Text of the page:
So, that's the first piece of advice. What's the next piece? Well, you should do massive amounts of research and studying. Visit sites like Simply Scripts and Script-O-Rama and read as many screenplays as you can. Become familiar with the feel and the construction of the various types and styles that each different writer has used.

If you remember a little something about this from a film school that you attended and/or graduated from, great! However, I know A LOT of film school grads that come out knowing ZILCH about industry standard screenwriting or even how to pursue their film industry dreams. This, of course, isn't always the case. Look, all's I'm sayin' is do some independent research!

So to film school kids or not, to people like me who have dedicated years to learning, studying, networking with industry people, or anyone who just has the desire to write a film, the biggest piece of advice that anyone can give to you is to listen, learn, allow constructive (and not so constructive) criticism. Be willing to learn. No matter how good you're doing, keep in mind that you've still got a lot to learn. Hey, we all do.

Now, formatting is tricky, but even with the most complicated format needs, you'll become better suited to use your own good judgement in presenting a unique scene or idea in your script once you have a great deal of experience. All I want to cover today is basic formatting, so maybe we'll get to those trickier parts sometime later. For now, its all about The Big Four, as I'm calling them... because I'm a nerd.

The Big Four
There are four elements to master in basic screenplay formatting:

1. SCENE HEADINGS (aka Sluglines)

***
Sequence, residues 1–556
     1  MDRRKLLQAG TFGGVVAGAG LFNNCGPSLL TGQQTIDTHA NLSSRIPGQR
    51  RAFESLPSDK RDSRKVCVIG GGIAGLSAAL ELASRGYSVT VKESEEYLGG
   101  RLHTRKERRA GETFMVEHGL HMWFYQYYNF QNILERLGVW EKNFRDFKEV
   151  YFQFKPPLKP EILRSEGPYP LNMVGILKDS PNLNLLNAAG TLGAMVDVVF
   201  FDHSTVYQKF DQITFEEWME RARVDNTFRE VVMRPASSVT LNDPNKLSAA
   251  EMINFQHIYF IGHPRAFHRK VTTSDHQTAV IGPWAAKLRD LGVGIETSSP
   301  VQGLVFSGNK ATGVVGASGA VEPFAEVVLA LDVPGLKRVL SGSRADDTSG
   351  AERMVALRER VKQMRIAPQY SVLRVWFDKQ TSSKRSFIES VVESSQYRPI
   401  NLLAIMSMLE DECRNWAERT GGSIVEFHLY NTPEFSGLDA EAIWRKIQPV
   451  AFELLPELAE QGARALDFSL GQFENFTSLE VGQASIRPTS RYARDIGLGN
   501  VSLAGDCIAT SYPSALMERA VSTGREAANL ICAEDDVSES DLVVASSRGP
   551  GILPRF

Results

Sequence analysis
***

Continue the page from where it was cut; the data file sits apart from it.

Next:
3. CHARACTER NAMES (aka Dialogue Header)
1. Scene Headings (sluglines)
A scene heading is what appears at the beginning of each new scene. A scene heading should include mention of and interior or exterior environment, the place/setting of the scene, and the time that the scene takes place.
A.) INT. / EXT. (Interior / Exterior) is for technical use. (Yeah, it's part of the story, but as I mentioned in an earlier installment of Screenwriting 101, screenplays are more like an instruction manual. The story is what comes later in movie form.) It's used by production crews who work on the production of the film, and it tells them if the scene will be inside or outside. Simple, right?
B.) The location designates where the scene takes place. Keep these short, you don't want a two line slugline, and you don't want things to get confusing or sloppy. Keep in mind, these only tell the production crew which sound stage or set to put the rest of the crew on when the filming date come around. You don't have to make it poetic, just keep it simple.
C.) Crews need to know what time of the day the scene needs to be filmed in. Shooting schedules are a big deal, and if they're following a slugline that reads EXT. CAFE - MORNING, they may just need to know when to reserve a cafe so that this scene can be filmed according to the story's needs.
You'll want to keep this as short as "DAY" or "NIGHT", "EVENING", "MORNING", etc, so in an instance where the state of your story hinges on a clock, how do you approach it? If in the event that Little Suzie needs to be at the olympic tryouts at 8:00 AM sharp, and her punctuality-challenged mother is rushing her in the building at one minute til, you'll need to incorporate that into your Scene Action so that it, in some way, can be communicated to your viewing audience.